Chiwere Group

Ɉɔiwe’re is used in the following article to reference the Chiwere of the Handbook of American Indians.

The ancestry and prehistoric movements of the tribes constituting the Ɉɔiwe’re group are involved in considerable obscurity, though it is known from tradition as well as linguistic affinity that they sprung from the Winnebago.

Since the days of Marquette (1673) the Iowa have ranged over the country between the Mississippi and Missouri, up to the latitude of Oneota (formerly upper Iowa) River, and even across the Missouri about the mouth of the Platte. Chauvignerie located them in 1736 west of the Mississippi and (probably through error in identification of the waterway) south of the Missouri; and in 1761 Jefferys placed them between Missouri river and the headwaters of Des Moines river, above the Oto and below the Maha (Omaha). In 1805, according to Drake, they dwelt on Des Moines river, forty leagues above its mouth, and numbered 800. In 1811 Pike found them in two villages on Des Moines and Iowa rivers. In 1815 they were decimated by smallpox, and also lost heavily through war against the tribes of the Dakota confederacy. In 1829 Porter placed them on the Little Platte, some 15 miles from the Missouri line, and about 1853 Schoolcraft located them on Nemaha river, their principal village being near the mouth of the Great Nemaha. In 1848 they suffered another epidemic of smallpox, by which 100 warriors, besides women and children, were carried off. As the country settled, the Iowa, like the other Indians of the stock, were collected on reservations which they still occupy in Kansas and Oklahoma. According to the last census their population was 273.

The Missouri were first seen by Tonty about 1670; they were located near the Mississippi on Marquette’s map (1673) under the name of Ouemessourit, probably a corruption of their name by the Illinois tribe, with the characteristic Algonquian prefix. The name Missouri was first used by Joutel in 1687. In 1723 Bourgmont located their principal village 30 leagues below Kaw river and 60 leagues below the chief settlement of the Kansa; according to Groghan, they were located on Mississippi river opposite the Illinois country in 1759. Although the early locations are somewhat indefinite, it seems certain that the tribe formerly dwelt on the Mississippi about the mouth of the Missouri, and that they gradually ascended the latter stream, remaining for a time between Grand and Chariton rivers and establishing a town on the left bank of the Missouri near the mouth of the Grand. There they were found by French traders, who built a fort on an island quite near their village about the beginning of the eighteenth century. Soon afterward they were conquered and dispersed by a combination of Sac, Fox, and other Indians; they also suffered from smallpox. On the division, five or six lodges joined the Osage, two or three took refuge with the Kansa, and most of the remainder amalgamated with the Oto. In 1805 Lewis and Clark found a part of the tribe, numbering about 300, south of Platte river. The only known survivors in 1829 were with the Oto, when they numbered no more than 80. In 1842 their village stood on the southern bank of Platte river near the Oto settlement, and they followed the latter tribe to Indian Territory in 1882.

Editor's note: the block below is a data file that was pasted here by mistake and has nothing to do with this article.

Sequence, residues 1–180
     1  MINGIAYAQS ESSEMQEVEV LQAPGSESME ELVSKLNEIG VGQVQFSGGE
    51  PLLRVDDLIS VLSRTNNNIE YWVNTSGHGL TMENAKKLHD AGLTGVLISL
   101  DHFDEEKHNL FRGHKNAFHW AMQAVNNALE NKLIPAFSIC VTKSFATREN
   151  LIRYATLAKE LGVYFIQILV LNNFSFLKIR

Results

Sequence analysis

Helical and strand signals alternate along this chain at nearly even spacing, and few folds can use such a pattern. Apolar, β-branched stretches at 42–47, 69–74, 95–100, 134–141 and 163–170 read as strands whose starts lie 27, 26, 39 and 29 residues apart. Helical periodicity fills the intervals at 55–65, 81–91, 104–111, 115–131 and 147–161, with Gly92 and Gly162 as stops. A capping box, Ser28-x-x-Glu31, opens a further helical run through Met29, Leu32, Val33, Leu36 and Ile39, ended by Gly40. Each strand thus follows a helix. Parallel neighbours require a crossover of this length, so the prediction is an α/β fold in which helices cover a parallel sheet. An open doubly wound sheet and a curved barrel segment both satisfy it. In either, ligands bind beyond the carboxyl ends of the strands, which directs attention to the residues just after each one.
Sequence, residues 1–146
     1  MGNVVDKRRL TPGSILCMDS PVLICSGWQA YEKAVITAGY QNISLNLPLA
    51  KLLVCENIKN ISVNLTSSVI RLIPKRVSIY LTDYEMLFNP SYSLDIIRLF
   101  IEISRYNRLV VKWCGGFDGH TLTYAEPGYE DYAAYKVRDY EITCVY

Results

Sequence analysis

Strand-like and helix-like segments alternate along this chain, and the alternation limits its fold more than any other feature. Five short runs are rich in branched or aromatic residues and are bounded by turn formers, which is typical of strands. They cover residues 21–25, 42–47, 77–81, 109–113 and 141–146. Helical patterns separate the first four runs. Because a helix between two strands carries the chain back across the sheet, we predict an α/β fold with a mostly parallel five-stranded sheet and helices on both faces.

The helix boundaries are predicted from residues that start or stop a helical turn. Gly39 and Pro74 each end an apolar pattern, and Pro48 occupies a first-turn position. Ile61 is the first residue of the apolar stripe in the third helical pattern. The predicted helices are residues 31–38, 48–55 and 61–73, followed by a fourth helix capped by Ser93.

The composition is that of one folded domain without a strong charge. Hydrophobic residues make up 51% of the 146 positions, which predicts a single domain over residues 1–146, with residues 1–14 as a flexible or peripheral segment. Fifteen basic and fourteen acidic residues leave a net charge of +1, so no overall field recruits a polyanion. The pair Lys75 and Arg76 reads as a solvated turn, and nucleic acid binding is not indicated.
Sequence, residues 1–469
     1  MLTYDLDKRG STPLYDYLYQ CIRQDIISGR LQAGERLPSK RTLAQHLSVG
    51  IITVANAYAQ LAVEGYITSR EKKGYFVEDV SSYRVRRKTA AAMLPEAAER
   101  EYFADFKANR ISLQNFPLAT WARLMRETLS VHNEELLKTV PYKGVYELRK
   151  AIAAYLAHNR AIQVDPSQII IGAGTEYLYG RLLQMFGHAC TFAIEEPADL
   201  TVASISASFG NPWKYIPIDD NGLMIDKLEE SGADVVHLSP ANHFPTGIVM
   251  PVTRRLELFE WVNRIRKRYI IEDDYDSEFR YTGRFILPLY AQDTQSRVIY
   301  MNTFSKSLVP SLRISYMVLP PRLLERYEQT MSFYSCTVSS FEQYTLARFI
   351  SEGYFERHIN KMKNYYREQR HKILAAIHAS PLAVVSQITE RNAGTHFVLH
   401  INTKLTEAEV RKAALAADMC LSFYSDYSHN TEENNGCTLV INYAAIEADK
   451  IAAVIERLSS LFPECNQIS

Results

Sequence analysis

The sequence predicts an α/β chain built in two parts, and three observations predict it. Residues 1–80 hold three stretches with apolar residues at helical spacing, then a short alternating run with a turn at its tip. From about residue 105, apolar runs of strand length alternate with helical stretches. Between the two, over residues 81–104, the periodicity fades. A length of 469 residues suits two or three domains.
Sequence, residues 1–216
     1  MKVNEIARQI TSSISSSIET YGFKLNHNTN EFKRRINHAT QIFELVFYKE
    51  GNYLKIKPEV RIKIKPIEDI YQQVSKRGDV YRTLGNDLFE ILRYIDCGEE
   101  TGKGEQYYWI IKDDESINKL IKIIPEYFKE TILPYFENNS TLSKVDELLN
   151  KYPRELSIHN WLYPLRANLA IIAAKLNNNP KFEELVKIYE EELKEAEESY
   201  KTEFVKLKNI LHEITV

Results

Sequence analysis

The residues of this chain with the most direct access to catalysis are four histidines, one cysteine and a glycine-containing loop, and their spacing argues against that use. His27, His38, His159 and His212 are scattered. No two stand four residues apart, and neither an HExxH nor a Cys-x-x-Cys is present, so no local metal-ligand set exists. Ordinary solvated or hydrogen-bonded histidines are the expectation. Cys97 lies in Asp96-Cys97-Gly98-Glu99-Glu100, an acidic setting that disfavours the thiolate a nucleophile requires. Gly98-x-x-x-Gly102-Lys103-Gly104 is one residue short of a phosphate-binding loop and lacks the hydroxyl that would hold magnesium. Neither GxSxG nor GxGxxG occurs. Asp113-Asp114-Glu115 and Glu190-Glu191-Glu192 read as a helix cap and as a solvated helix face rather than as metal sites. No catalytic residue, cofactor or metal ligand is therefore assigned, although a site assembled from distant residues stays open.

According to Winnebago tradition, the Ɉɔiwe’re tribes separated from that “People of the parent speech” long ago, the Iowa being the first and the Oto the last to leave. In 1673 the Oto were located by Marquette west of Missouri river, between the fortieth and forty-first parallels; in 1680 they were 130 leagues from the Illinois, almost opposite the mouth of the Miskoncing (Wisconsin), and in 1687 they were on Osage river. According to La Hontan they were, in 1690, on Otontas (Osage) river; and in 1698 Hennepin placed them ten days’ journey from Fort Crève Coeur. Iberville, in 1700, located the Iowa and Oto with the Omaha, between Wisconsin and Missouri rivers, about 100 leagues from the Illinois tribe; and Charlevoix, in 1721, fixed the Oto habitat as below that of the Iowa and above that of the Kansa on the western side of the Missouri. Dupratz mentions the Oto as a small nation on Missouri river in 1758, and Jefferys (1761) described them as occupying the southern bank of the Panis (Platte) between its mouth and the Pawnee territory; according to Porter, they occupied the same position in 1829. The Oto claimed the land bordering the Platte from their village to the mouth of the river, and also that on both sides of the Missouri as far as the Big Nemaha. In 1833 Catlin found the Oto and Missouri together in the Pawnee country; about 1841 they were gathered in four villages on the southern side of the Platte, from 5 to 18 miles above its mouth. In 1880 a part of the tribe removed to the Sac and Fox reservation in Indian Territory, where they still remain; in 1882 the rest of the tribe, with the remnant of the Missouri, emigrated to the Pouka, Pawnee, and Oto reservation in the present Oklahoma, where, in 1890 they were found to number 400.

History, Siouan,

McGee, W. J. The Siouan Indians. Published in the Fifteenth Annual Report of Bureau of Ethnology, 1893 – 1894. Washington. 1897.

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